Here’s an article I found while randomly surfing today. One of the biggest hurdles to the wide adoption of renewable energy sources is their intermittent availability. A way to store that energy then meter it out in a measured, continuous fashion could change this…
Publication date: October 31, 2012
By Charles Q. Choi
Ain Beni Mathar Integrated Combined Cycle Thermo-Solar Power Plant.
Photo courtesy Dana Smillie / World Bank.
Solar and wind power both promise clean, renewable energy to the world, but there is currently no good way to deliver the electricity these alternative sources produce to potential customers. But scientists are developing novel batteries based on nanotechnology that can save solar and wind power energy and provide it on demand safely, quickly and inexpensively.
Fossil fuels like oil, coal and natural gas generate two-thirds of the world’s electricity right now. Concerns over their limited supplies and how they exacerbate global warming have spurred interest in greener, renewable sources of energy, such as solar and wind power.
Unfortunately, the sun and the wind are erratic sources of power. Solar power is only generated in the daytime and diminishes with cloud cover, while wind power fluctuates from moment to moment. For example, in Tehachapi, Calif., the wind can generate a few billion watts of power at some moments and only a few million watts or even nothing at others, and peak power production is typically at night when customer demand is low.
Limitation and inefficiency in current energy storage
The inconstancy of solar and wind power typically requires that other power plants—often driven by fossil fuel—are brought in to compensate for their intermittent nature. To help alternatives stand on their own, researchers are now developing novel batteries to store energy on a massive scale. If their work is successful, energy that solar and wind power generates when demand is low can be stored for use when the need is high.
Energy storage capabilities do exist on the vast scales of power grids, available for about 2 percent of the U.S. power grid, 10 percent of Europe’s and about 15 percent of Japan’s. Currently, these mostly do not rely on batteries, and involve using renewable energy to pump water uphill. When electricity is needed, the water is allowed to flow downhill and drive turbines, generating power hydroelectrically just as dams do. However, such pumped hydroelectric power is very energy inefficient, says materials scientist Yi Cui at Stanford University. Moreover, the method requires immense capital investments to build necessary infrastructure.
Other strategies aside from batteries exist as well. For instance, renewable energy can be used to compress air that can later be used to drive turbines. However, this solution “must be supported by a fossil-fuel-burning plant,” Cui says. Energy can also be stored by making flywheels spin faster. When energy is needed, this stored rotational energy is converted to electricity. However, “they appear to be far too expensive,” Cui notes.
A number of battery technologies have seen limited deployment on the grid, but these all have limitations as well. Lead acid cells are the least expensive of these, but are limited in their efficiency and in cycle life — that is, how many times they can get discharged and recharged. The lithium-ion and nickel-metal hydride batteries used in electric vehicles “are currently far too costly for use on larger scales,” Cui says. Other alternatives have drawbacks in efficiency, cycle life, the rate at which they deliver energy or other factors, he adds.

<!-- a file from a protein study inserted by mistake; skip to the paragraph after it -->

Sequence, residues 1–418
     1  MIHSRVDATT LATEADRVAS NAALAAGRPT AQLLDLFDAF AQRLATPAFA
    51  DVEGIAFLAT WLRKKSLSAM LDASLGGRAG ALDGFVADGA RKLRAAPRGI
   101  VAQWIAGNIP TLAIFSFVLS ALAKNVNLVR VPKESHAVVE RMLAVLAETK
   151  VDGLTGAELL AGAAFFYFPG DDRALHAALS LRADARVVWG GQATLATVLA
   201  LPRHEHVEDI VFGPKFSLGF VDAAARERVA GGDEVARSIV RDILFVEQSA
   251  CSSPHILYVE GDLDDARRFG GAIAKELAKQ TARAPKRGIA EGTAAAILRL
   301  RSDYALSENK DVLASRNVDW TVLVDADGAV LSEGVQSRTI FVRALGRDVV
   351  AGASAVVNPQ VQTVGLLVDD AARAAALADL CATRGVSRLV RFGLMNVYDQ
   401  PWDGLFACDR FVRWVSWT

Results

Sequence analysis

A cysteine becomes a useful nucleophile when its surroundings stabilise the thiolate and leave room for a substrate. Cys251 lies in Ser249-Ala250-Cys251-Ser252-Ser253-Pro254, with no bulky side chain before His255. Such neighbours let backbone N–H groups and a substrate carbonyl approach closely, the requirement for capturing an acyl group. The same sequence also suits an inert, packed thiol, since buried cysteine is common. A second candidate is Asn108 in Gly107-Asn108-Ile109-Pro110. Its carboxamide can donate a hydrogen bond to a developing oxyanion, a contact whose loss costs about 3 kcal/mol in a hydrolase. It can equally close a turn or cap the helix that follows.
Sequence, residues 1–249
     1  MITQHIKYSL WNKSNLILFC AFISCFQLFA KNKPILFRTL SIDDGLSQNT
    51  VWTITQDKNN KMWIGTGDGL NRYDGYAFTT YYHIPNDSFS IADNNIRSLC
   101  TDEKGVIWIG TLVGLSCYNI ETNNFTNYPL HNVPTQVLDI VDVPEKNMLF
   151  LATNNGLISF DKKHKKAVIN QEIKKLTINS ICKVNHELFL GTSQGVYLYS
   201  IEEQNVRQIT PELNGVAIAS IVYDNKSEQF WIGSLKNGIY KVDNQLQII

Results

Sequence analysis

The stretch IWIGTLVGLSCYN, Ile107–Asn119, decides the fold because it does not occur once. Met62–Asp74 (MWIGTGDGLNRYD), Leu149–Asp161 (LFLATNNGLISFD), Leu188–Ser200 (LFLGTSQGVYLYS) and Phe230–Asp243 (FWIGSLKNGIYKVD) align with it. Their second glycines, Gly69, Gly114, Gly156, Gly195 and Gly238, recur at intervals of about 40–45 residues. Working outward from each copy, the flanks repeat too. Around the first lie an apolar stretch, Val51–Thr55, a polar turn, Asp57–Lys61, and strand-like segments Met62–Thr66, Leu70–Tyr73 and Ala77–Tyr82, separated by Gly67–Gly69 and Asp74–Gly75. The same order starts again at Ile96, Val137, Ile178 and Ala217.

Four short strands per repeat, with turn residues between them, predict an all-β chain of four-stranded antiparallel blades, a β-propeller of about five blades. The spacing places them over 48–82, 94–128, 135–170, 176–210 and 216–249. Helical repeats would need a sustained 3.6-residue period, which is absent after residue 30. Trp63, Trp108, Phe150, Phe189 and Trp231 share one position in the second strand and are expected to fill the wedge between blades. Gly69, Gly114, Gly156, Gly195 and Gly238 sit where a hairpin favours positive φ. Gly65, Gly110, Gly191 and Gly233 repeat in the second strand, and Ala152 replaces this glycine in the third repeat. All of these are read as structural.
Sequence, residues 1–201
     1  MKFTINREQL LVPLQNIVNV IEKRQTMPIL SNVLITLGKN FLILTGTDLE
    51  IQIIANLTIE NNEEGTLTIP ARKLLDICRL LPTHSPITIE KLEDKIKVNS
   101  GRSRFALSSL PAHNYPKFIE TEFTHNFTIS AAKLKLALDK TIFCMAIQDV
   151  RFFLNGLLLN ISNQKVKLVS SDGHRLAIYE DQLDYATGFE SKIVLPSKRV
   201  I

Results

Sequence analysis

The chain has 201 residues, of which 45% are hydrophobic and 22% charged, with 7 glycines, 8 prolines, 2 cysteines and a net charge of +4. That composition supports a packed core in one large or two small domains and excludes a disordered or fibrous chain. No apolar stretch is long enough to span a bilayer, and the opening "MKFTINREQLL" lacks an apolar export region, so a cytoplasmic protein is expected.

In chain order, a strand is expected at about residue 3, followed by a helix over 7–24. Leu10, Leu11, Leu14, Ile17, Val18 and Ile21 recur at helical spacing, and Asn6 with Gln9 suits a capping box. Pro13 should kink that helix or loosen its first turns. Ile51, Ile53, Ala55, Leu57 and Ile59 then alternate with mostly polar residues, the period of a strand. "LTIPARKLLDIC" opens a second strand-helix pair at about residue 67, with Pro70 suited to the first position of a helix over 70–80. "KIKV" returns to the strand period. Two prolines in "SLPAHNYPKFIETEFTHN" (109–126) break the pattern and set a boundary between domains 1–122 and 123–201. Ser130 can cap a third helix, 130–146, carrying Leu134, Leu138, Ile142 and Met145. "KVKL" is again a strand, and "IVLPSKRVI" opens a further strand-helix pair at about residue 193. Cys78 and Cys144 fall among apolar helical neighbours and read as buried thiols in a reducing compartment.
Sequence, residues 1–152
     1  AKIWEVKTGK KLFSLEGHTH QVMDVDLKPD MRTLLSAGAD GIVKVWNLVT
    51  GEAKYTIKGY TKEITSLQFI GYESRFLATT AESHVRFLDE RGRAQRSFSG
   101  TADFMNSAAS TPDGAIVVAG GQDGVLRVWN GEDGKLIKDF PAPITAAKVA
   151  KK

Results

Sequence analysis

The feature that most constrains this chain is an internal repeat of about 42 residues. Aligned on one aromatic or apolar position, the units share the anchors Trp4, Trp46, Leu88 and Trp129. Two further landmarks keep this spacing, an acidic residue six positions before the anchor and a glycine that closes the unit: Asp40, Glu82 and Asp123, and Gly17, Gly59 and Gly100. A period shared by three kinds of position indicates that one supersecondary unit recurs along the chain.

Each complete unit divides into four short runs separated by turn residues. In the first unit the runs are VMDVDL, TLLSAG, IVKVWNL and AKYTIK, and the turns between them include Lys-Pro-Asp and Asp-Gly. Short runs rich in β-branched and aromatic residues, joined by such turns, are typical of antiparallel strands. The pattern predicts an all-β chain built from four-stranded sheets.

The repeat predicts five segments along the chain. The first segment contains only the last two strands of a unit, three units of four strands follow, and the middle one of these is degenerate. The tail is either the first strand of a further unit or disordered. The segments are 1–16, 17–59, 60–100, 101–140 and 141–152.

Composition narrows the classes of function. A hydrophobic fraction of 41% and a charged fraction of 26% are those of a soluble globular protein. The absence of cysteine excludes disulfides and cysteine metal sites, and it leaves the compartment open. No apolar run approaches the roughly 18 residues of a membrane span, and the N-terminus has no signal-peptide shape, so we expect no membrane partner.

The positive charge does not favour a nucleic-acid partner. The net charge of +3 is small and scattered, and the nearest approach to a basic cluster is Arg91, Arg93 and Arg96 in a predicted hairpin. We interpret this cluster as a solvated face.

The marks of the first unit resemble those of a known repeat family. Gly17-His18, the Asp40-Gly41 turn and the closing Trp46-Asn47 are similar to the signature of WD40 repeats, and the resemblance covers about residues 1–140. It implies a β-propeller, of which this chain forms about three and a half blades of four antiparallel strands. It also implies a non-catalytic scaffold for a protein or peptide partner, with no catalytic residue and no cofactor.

Possibilities in nanotechnology
Now Cui and his colleagues have developed a novel battery based on nanoparticles they say could be ideal for storing energy on large scales. They detailed their findings online in the journal Nature Communications.
“What is exciting about this battery is its long cycle life, high power and low cost, which makes it ideal for grid-scale storage applications,” Cui says.
The new battery has two main parts like other batteries— a positively charged cathode and a negatively charged anode. The cathode is made of crystalline particles of copper hexacyanoferrate roughly 50 nanometers wide, just 20 times thicker than a DNA strand. The anode consists of a mixture of activated carbon particles some 5 to 10 microns wide — about 10 to 20 times thinner than a human hair — and polypyrrole particles about 300 nanometers wide.
The crystal structure of the cathode material contains large gaps that allow ions — the electrically charged particles whose movements en masse either charge or discharge a battery — to easily go in and out without damaging the electrode. Most batteries fail because of accumulated damage to an electrode’s crystal structure. This helps give the battery ultra-long cycle life, high energy efficiency and the ability to deliver significant amounts of power. The anode’s properties complement those of the cathode.
The cathode and anode materials are all easily synthesized and involve cheap, readily available ingredients, and they operate in safe, inexpensive water-based electrolyte solutions, Cui says. “This technology can be easily implemented by lithium-ion battery production facilities,” he says.
Cui notes the battery has low energy density, which means it needs a relatively large amount of material to store energy. ” Energy density is not a key parameter for grid-scale energy storage applications like it is for hybrid electric vehicles, for example — cycle life and the cost of energy per cycle are,” he explains. “It’s not the right battery for portable electronics and electric cars. It is potentially revolutionary for stationary storage purposes, though.”